The bomb detonated on Saturday in New York, and another device found nearby, were both shrapnel-filled pressure cookers - similar to the bombs used at the 2013 Boston marathon, reports say.
Citing officials, separate reports said both had mobile phones and Christmas lights as makeshift detonators.
The blast, in the Chelsea area of Manhattan, injured 29 people.
The FBI said it stopped a "vehicle of interest" in Brooklyn on Sunday but made no arrests.
Five people were taken into custody for questioning, officials told US media. But a spokeswoman said no-one had been charged and the investigation was continuing.
The Manhattan blast followed a pipe bomb explosion on the route of a charity race in New Jersey on Sunday.
Investigators are also examining a suspicious device found near a train station in Elizabeth, New Jersey.
Elizabeth Mayor Christian Bollwage said a bomb squad had determined the device containing wires and pipes could be a live bomb.
Reporters for two US news outlets said a loud explosion was heard in the area early on Monday.
New York Governor Andrew Cuomo said a second device discovered over the weekend in the city appeared to be "similar in design" to the exploded device.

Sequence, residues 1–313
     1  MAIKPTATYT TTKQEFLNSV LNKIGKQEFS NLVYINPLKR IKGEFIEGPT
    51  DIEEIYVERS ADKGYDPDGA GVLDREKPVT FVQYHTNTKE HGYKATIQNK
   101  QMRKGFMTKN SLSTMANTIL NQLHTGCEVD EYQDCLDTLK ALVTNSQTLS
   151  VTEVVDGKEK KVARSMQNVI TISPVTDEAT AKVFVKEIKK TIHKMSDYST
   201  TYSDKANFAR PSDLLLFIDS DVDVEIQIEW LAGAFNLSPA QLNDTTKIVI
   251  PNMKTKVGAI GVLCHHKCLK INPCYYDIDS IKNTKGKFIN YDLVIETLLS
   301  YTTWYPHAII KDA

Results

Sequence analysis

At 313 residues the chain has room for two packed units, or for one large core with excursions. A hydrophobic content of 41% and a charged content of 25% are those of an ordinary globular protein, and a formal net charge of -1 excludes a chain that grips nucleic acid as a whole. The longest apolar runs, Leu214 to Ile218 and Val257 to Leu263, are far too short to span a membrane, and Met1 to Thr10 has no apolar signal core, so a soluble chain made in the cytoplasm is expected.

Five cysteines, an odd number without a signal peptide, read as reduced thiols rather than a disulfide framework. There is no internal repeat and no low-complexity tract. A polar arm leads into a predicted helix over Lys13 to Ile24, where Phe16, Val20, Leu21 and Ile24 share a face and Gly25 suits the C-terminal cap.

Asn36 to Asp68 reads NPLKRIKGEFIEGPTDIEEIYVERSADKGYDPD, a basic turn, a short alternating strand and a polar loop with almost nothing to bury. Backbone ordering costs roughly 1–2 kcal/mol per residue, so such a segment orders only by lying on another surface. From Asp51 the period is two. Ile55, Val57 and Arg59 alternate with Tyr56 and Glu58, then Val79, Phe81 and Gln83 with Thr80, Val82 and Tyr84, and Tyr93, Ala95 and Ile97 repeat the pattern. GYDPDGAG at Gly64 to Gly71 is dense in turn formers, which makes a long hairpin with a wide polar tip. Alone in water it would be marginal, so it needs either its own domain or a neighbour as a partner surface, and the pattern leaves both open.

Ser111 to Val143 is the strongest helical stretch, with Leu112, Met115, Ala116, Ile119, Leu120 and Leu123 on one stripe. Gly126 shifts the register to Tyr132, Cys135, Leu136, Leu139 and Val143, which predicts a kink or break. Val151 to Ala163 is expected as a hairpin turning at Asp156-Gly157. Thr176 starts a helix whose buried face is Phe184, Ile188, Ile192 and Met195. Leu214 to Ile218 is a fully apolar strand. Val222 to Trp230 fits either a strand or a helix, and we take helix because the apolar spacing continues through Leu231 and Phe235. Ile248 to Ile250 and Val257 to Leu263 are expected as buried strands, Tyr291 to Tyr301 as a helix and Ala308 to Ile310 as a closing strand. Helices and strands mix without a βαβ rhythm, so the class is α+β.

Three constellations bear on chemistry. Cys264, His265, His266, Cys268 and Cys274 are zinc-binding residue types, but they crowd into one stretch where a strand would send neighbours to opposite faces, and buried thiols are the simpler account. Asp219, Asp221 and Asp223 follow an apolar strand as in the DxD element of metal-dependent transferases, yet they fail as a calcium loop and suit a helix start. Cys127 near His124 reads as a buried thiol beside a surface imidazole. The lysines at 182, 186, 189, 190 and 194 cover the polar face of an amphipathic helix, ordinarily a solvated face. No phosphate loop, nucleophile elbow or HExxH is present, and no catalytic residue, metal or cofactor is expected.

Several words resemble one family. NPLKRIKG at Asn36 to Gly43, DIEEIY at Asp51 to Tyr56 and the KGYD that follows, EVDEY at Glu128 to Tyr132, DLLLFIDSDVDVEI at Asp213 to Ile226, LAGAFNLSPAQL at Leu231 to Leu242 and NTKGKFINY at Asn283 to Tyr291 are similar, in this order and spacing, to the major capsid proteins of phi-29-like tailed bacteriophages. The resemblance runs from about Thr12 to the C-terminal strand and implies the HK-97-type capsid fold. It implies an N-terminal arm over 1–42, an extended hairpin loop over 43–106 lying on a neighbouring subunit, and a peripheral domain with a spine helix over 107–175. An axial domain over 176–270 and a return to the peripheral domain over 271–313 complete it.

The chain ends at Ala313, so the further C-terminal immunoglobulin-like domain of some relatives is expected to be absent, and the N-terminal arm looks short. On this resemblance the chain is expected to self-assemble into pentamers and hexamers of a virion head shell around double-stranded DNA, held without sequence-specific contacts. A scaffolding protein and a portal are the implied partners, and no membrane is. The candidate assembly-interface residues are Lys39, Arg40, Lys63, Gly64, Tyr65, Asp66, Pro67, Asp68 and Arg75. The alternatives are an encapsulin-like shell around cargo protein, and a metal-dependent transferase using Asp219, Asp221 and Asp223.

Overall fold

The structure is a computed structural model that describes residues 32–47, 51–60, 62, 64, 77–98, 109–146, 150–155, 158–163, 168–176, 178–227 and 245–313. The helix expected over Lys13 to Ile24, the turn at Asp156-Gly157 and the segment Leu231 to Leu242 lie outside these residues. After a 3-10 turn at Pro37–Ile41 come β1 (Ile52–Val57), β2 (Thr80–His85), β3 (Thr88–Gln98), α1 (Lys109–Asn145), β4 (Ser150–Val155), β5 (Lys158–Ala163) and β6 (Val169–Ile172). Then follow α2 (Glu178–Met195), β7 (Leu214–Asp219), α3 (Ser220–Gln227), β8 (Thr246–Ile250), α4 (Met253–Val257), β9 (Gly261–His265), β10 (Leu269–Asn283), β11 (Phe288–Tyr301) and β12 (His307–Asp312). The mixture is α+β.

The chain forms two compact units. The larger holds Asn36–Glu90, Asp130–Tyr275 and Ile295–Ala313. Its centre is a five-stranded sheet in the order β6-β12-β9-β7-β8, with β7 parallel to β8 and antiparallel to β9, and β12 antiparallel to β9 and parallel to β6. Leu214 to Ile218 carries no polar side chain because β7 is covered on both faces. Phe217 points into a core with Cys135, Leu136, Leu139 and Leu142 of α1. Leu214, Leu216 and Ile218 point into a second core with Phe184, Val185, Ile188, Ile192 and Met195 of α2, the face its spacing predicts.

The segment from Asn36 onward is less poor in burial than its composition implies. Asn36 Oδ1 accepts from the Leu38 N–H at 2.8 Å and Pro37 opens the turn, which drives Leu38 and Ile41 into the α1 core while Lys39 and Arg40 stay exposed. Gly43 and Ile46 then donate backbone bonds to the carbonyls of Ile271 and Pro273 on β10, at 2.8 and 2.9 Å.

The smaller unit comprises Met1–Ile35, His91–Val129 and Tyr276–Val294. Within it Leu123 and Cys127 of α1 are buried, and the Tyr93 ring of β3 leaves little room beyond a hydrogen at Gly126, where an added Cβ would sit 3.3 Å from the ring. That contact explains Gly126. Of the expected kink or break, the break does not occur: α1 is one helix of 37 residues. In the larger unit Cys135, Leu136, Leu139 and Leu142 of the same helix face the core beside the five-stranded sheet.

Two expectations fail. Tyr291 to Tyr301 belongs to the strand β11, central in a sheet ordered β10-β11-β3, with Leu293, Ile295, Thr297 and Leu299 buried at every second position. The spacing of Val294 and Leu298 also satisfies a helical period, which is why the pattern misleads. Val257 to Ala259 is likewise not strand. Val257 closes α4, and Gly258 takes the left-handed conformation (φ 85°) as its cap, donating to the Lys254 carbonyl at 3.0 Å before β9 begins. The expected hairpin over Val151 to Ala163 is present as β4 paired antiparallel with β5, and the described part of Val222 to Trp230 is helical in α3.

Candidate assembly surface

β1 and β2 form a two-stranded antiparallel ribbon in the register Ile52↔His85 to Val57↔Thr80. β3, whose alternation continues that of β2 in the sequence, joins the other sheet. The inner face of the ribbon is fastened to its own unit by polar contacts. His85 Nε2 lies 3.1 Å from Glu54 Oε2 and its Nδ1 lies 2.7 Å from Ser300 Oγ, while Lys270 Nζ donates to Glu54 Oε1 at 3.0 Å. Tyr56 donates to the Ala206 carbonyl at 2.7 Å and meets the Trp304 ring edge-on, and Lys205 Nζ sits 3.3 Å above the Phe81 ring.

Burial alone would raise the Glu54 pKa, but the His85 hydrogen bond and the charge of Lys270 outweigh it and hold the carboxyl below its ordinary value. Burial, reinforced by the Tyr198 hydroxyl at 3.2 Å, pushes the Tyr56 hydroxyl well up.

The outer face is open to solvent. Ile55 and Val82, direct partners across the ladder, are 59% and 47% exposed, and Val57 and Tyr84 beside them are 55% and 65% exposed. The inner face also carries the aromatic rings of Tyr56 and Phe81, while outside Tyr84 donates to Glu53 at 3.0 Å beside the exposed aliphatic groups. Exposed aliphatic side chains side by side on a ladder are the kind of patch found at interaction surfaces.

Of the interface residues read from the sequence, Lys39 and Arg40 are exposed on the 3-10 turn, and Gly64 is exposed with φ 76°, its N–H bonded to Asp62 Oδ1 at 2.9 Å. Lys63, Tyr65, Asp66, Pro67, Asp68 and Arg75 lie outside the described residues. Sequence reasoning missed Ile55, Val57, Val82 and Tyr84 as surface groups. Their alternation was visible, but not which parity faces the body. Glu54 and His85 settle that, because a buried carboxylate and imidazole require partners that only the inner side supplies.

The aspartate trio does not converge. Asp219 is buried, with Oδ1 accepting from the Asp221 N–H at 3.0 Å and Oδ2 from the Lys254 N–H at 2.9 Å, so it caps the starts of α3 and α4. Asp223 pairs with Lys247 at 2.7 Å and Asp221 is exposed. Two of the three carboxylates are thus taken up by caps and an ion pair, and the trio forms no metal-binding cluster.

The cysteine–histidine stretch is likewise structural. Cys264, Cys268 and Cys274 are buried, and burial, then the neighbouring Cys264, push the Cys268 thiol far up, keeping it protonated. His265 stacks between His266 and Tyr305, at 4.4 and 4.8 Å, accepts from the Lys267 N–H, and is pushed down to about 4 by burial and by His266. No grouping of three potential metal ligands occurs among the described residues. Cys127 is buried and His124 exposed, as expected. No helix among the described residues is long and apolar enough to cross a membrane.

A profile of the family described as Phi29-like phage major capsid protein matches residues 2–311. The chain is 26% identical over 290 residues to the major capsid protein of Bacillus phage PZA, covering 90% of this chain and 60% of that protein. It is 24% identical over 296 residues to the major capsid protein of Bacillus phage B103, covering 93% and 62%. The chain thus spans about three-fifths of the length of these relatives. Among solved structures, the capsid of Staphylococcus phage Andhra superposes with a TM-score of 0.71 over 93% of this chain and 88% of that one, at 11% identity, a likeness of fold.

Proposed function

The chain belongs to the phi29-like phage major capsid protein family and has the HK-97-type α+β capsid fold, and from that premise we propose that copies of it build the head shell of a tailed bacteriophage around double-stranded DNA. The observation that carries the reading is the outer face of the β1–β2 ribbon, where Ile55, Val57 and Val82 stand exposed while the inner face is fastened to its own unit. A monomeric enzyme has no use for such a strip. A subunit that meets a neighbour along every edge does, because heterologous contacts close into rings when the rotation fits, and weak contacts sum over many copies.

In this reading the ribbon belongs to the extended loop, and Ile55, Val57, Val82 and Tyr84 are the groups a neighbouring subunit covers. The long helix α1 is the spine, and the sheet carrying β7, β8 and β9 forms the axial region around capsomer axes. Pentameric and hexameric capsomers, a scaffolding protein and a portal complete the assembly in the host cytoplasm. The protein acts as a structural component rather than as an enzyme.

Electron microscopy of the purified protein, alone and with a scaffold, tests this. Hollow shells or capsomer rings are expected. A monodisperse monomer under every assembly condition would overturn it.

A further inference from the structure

It was found four blocks from the site of the blast and was removed and later destroyed in a controlled explosion. No-one was hurt.
Earlier on Sunday, New York Mayor Mayor Bill de Blasio said: "Was it a political motivation? A personal motivation? We do not know."
"We know there was a bombing. We know it's a very serious incident. But we have a lot more work to do to be able to say what kind of motivation was behind this.
"All possible theories of what's happened here and how it connects will be looked at but we have no specific evidence at this point in time."
Mr Cuomo said: "Whoever placed these bombs - we will find them and they will be brought to justice."
Some 1,000 extra security personnel are being deployed to New York's transport hubs, police said.
The Chelsea explosion occurred at about 21:00 (01:00 GMT on Sunday) on West 23rd St. The force of the blast blew out windows and could be heard several blocks away.
Some reports said the bomb went off in a black metal construction toolbox, others that it was in a rubbish bin.
Chelsea is among the most fashionable districts of Manhattan and its bars and restaurants are usually crowded at the weekend.
Mr de Blasio said there would be a "bigger than ever" police presence in New York in the coming week.
On Tuesday, President Obama and other world leaders are due to attend the UN General Assembly in New York.